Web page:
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"...public opinion deserves to be respected as well as despised" G.W.F. Hegel, 'Philosophy of Right'

The White House dreams on « Previous | |Next »
March 21, 2006

I read that Ayad Allawi, the former US-backed Iraqi prime minister, has declared his country to be in the thick of a civil war that could soon "reach the point of no return". In contrast the White House is saying that it is encouraged by progress on forming a unity government in Iraq and that the insurgency in its "last throes". The optimism is duly echoed in Canberra as expected. But who is listening?

Steve Sack

The judgement increasingly is: 'Wrong war. Wrong strategy. Wrong president. Just plain wrong.' President Bush just wants to use the military strength of the US to go around whacking people. Well, Bush and Howard have managed to turned Iraq into a living hell all on their own.The events of the last three years lead to this conclusion: Iraq is a fiasco; George W. Bush is a failed leader and John Howard is subservient to the US.

It's failure written in capital letters. The prospect of an American defeat on the ground is a real possibility. More seriously though the Bush foreign policy logic is plain flawed.

This flaw raises questions about the viability of the US's long-held geostrategic dominance in the oil-rich Middle East. Afghanistan looks shaky and Pakistan very wobbly.

President Bush's position in his 2006 State of Union speech is this:

"Dictatorships shelter terrorists, and feed resentment and radicalism, and seek weapons of mass destruction. Democracies replace resentment with hope, respect the rights of their citizens and their neighbors, and join the fight against terror. Every step toward freedom in the world makes our country safer--so we will act boldly in freedom's cause."

He gets a big applause in Congress for the rhetoric. It is assumed that s democracy also improve U.S. security --as democracy grows in the Arab world, the thinking goes, the region will stop generating anti-American terrorism. It evokes the image of a totalitarian menace that could plunge the world into a century of violence every bit as hellish as the 20th century was.
So how come Hamas? How come the Shiites, who are sympathetic to Iran, will form the Iraqi government? That's what democracy means in the Middle East. Thsi indicates that democratization produces victories for Islamist political groups, because they are the best organized and most popular political movements in the region.

| Posted by Gary Sauer-Thompson at 7:23 AM | | Comments (7)


An exciting book to recommend to you: China's global reach: markets, multinationals, and globalization, by a very famous Chinese thinker george zhibin gu. The book has huge cutting-edge ideas on so many hot global issues. I was really happy to run into it.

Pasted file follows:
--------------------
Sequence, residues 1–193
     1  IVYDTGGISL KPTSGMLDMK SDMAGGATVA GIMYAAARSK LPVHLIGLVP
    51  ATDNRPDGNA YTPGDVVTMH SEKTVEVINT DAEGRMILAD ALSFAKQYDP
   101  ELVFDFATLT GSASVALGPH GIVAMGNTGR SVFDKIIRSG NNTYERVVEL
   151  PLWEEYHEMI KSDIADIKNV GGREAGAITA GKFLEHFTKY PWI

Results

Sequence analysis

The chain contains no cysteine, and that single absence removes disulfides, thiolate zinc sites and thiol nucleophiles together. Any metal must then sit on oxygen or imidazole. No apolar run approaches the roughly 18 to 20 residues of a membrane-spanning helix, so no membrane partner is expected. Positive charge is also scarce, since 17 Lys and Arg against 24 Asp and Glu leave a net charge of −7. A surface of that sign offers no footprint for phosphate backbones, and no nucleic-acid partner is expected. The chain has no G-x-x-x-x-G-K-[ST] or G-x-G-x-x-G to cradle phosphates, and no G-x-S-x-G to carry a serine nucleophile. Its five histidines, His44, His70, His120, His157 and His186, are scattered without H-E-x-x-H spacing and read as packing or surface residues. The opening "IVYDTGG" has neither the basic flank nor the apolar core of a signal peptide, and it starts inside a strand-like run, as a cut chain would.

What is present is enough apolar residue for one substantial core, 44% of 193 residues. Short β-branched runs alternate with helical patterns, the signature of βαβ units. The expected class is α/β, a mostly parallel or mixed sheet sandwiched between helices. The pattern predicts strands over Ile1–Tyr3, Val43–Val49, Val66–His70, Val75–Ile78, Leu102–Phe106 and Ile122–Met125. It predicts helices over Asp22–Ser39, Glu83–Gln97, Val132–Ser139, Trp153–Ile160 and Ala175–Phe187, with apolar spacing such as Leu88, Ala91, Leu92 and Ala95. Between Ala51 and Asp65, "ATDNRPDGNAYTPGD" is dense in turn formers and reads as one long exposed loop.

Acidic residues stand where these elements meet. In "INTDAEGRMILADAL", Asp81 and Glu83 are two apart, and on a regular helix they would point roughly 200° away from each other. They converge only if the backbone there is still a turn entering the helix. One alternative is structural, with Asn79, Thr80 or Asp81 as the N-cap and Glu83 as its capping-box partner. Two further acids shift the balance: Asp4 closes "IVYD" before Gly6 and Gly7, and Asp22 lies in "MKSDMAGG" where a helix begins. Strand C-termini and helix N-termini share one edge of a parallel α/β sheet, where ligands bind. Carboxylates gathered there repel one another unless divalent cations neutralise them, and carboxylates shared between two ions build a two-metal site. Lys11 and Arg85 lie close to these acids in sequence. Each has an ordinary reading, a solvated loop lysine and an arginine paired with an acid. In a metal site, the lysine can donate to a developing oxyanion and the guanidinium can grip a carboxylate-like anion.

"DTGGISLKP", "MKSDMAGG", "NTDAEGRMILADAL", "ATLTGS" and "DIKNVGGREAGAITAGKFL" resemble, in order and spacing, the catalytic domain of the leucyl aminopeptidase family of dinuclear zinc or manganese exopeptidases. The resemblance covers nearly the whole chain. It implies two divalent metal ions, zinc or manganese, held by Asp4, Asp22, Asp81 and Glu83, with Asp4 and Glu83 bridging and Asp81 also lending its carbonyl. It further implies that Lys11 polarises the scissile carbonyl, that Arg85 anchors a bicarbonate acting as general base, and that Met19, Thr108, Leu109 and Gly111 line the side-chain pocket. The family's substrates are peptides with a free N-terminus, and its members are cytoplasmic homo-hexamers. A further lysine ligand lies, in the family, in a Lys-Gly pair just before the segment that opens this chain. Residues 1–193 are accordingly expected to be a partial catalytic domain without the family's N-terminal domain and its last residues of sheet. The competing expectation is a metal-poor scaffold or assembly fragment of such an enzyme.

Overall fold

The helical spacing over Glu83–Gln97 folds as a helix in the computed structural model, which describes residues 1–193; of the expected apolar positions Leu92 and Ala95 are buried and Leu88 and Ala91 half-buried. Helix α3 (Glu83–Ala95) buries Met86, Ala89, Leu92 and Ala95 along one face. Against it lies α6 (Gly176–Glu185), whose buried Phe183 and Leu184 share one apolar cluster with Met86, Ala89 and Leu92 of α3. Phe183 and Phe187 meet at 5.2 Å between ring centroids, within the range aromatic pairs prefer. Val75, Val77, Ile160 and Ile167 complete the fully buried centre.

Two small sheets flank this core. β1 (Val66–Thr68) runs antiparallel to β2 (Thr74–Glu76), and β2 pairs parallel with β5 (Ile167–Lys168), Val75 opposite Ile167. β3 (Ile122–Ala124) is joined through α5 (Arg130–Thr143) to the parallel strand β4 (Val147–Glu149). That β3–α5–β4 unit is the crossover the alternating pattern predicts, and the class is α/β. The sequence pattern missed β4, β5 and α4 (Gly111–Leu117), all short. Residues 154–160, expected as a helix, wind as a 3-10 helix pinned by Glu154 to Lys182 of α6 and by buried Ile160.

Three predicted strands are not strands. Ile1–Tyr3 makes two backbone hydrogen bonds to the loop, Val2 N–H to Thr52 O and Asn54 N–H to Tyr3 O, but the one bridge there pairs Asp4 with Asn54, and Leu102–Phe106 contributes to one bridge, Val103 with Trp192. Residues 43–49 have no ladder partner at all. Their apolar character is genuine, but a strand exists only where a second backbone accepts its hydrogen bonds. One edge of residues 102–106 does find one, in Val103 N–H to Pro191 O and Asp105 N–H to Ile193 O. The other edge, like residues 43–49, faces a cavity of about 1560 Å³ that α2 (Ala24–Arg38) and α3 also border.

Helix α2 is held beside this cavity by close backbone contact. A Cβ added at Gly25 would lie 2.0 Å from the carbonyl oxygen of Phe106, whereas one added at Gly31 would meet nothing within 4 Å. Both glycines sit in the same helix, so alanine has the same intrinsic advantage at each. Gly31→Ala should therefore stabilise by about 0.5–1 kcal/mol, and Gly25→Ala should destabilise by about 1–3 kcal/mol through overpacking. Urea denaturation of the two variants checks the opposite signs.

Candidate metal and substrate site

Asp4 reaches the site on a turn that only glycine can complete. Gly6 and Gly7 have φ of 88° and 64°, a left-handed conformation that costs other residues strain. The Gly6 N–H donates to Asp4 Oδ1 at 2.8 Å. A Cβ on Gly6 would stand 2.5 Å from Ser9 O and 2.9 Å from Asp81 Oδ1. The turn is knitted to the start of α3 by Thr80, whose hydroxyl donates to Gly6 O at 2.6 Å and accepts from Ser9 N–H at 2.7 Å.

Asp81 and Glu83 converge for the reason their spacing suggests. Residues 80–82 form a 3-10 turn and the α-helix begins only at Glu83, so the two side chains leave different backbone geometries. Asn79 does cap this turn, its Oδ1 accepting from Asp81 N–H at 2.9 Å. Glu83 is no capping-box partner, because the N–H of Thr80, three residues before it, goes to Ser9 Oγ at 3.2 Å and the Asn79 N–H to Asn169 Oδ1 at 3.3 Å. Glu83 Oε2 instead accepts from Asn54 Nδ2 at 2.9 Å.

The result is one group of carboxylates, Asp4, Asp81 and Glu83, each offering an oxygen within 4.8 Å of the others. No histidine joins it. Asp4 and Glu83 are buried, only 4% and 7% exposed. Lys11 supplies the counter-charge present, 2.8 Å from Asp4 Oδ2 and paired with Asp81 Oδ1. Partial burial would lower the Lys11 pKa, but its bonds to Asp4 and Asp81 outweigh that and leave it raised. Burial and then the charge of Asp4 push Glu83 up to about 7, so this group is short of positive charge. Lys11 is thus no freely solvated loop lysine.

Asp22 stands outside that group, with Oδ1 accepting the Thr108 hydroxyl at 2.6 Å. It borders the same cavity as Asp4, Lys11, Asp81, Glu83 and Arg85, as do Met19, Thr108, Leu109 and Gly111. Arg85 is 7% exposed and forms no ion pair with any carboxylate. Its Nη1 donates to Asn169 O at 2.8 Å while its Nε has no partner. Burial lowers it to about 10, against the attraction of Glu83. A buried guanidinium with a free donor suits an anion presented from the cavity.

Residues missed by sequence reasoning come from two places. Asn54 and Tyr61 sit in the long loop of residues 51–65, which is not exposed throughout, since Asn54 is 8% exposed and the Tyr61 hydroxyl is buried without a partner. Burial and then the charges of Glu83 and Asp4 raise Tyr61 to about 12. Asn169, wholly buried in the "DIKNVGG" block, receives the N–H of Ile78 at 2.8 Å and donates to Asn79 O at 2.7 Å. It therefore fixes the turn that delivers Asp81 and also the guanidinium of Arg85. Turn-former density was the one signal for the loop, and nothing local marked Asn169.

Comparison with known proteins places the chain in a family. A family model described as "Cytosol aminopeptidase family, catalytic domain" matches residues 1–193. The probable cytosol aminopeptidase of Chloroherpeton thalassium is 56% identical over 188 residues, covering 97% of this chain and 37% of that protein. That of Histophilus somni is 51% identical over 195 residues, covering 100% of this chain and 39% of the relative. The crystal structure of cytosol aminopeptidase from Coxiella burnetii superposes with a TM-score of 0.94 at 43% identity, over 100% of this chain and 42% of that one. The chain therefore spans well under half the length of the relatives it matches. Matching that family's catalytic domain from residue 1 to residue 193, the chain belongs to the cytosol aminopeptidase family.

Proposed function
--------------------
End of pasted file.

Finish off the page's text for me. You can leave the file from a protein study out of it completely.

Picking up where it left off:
The White House is in denial.Iran has 68 million people with 18 million in their army and reserves.I suspect it won't be a "pushover" like Iraq

yeah that is why any military action will be in the form of airpower. Probably by Israel with US backing is what people are saying.

I see that George Zhibin Gu argues against the resurgence of the cold mentality--so noticeble with Iran--- in favour of the interconnectness of the global market. He says:

China's emergence shows a greatest convergence of civilizations. In today’s world, sharing is more important than war, cold or hot. Today, the world is more economically connected. But world politics lags behind. The cold war ideology is much alive still. It continues to block the road leading for more global sharing and commonwealth as well as joint responsibilities.

Good point.

Gary, Gu is right about the Cold War Warriors, their use by date has come and gone. I think we are going to have to go through a realignment of our civics to greater decentralisation to combat the negative aspects of globalisation such as terrorism and non-state actors that can rival states for power.

sure the Cold War is over and well and truely finishedm and the US stands alone as an imperial power now confronted by international terrorists with a fundamentalist Islamic perspective.

We still have the same cold war mentality---communism has been swapped for terrorism by the Republican Right; the same bogey creation taking place in the Middle East; and the same emphasis on military might to back up the geo-political strategy of containnment of any challenge to US hegemony, whether that be Iran or China.

It is not just about neo-liberalism, markets and global economic flows doing away with national sovereignty. That is the mistake Hardt and Negri make--they miss the national security state because of their infatuation with global economic flows.

Gary, It is ironic as the cold war was an economic one that pitted democracy and capitalism against communism and central planning. The decentralised technologies were far better at providing prosperity for its people. Yet the cold war warriors mistook the head-butting of nation-states as an indication that centralism was the winner. So we get a centralist's response both internationally and domestically. Internationally with the invasion of Iraq and domestically with the national security state. I suspect the only way we will contain ongoing terrorism is to decentralise our structures (civics) to the point that they are self-contained and probably with overlapping sovereignty.